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ARCHIVED - Our Voices, Our Stories:
First Nations, Métis and Inuit Stories

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Voices of First Nations

First Nations—Stories of Here and Now

Modern Practices Rooted in the First Nations' Oral Tradition

Fortunately, more and more Aboriginal authors are not only telling their stories, but also recording and publishing them. Since some of the elements critical to understanding a story are contained in the language, communicating the story properly often depends on the storyteller's understanding of the Aboriginal language in which the tale was originally told. For example, "Glooscap," the name of the legendary Mi'kmaq cultural hero, means "the first who spoke." This important piece of information will escape anyone who does not know the original language in which the stories of Glooscap were told. Unfortunately, the original meaning of the words and names often risks being lost in translation.

The same is true for objects rich in historical information, such as condolence canes, wampum necklaces and totem poles. If the speaker does not realize the significance of the symbols or the context in which the object was created or exchanged, the information it contains remains silent and risks being lost.

Storytellers play a crucial role in helping audiences understand a story in all its complexity. Although it is common today to publish traditional stories, ideally, they should not be completely separated from their oral form. Since knowledge of the traditional language is needed to communicate the story in all of its "etymological subtleties," storytellers are the ones who bring it to life through their presence, intonation and gestures. Moreover, a story is rarely an independent thing like a book that people can read by themselves. For a story to be fully appreciated, it must be told to the right audience at the right time. For example, a story that praises a hero's courage will be more meaningful if told in front of someone who is grappling with major challenges.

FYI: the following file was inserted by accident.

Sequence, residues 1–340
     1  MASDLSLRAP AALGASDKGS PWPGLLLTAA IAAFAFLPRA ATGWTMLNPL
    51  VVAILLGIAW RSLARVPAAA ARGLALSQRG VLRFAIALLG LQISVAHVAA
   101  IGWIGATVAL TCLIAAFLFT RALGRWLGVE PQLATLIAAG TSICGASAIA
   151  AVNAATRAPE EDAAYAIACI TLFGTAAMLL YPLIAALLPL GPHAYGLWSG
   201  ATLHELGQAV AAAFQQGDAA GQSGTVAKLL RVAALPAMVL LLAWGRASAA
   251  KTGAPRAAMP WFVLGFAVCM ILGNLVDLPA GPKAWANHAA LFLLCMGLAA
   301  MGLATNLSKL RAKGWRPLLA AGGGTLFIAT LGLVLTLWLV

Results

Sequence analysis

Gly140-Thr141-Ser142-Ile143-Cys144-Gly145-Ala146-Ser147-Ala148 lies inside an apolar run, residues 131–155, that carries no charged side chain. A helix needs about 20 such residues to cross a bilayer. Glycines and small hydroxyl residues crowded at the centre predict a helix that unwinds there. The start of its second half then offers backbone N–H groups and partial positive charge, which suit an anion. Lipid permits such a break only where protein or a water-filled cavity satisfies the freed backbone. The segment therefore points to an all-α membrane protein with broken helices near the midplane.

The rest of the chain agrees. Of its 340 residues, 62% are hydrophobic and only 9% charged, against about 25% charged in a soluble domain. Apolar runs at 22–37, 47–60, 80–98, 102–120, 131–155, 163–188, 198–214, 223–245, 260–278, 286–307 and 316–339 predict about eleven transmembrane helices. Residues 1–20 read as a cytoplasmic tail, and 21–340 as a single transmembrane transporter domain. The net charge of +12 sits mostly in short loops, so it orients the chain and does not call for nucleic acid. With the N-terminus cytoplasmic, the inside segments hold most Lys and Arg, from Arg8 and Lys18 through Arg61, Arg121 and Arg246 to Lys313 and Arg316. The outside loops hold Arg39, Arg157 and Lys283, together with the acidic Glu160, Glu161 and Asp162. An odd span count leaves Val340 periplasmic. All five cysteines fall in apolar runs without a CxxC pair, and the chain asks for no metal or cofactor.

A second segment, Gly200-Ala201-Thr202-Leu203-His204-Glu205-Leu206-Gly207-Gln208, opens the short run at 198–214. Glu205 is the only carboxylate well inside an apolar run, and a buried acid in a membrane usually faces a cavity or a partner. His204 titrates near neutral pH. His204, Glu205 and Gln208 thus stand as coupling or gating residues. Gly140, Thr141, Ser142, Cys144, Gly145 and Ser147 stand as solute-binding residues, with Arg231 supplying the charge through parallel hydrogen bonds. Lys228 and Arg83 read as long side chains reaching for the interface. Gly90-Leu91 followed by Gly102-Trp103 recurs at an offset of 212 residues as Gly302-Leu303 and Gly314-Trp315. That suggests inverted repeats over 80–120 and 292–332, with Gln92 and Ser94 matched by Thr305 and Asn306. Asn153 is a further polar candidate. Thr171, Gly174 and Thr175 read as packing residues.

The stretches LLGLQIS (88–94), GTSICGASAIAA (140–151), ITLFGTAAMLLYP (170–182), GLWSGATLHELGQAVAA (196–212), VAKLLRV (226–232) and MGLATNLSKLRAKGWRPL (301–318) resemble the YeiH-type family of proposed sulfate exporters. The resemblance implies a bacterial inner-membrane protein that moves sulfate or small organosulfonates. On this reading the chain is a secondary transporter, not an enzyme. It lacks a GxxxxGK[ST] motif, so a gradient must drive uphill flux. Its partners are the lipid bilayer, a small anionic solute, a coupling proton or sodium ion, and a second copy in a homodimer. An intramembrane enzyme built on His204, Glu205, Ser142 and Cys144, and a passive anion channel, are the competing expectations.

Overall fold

While some authors use modern media to pass on traditional stories, there are many others, such as Tomson Highway, Shirley Cheechoo, Michel Noël and Basil Johnston, in particular, who write original works. Although they are creating new stories, they also draw from their cultural experiences, their childhood memories and Elders' stories. Some writers, such as the indefatigable Thomas King, demonstrate a wonderful sense of humour, while others, such as Alanis Obomsawin, winner of many awards for her moving documentaries, show the events that have influenced the life of their people.

Certain authors combine their community's recent history with old stories-as Lorne Simon did when writing about the 1930s-giving their work a poetic nature and greater depth. Anthologies like Spider Woman's Granddaughters reveal the wide variety of both traditional and contemporary stories.

Lastly, the tales of various storytellers, particularly Elders, are recorded so that the full wealth of their experiences and knowledge are not lost, or they are compiled and presented like Edith Josie's very colourful radio programs describing everyday life in the Yukon. Some say that every time an Elder joins the spirit world, an entire library of knowledge goes with him or her. Fortunately, however, modern sound and video recording techniques let their grandchildren, their community and the public benefit from all the knowledge they have gathered over the years or received from their own grandparents.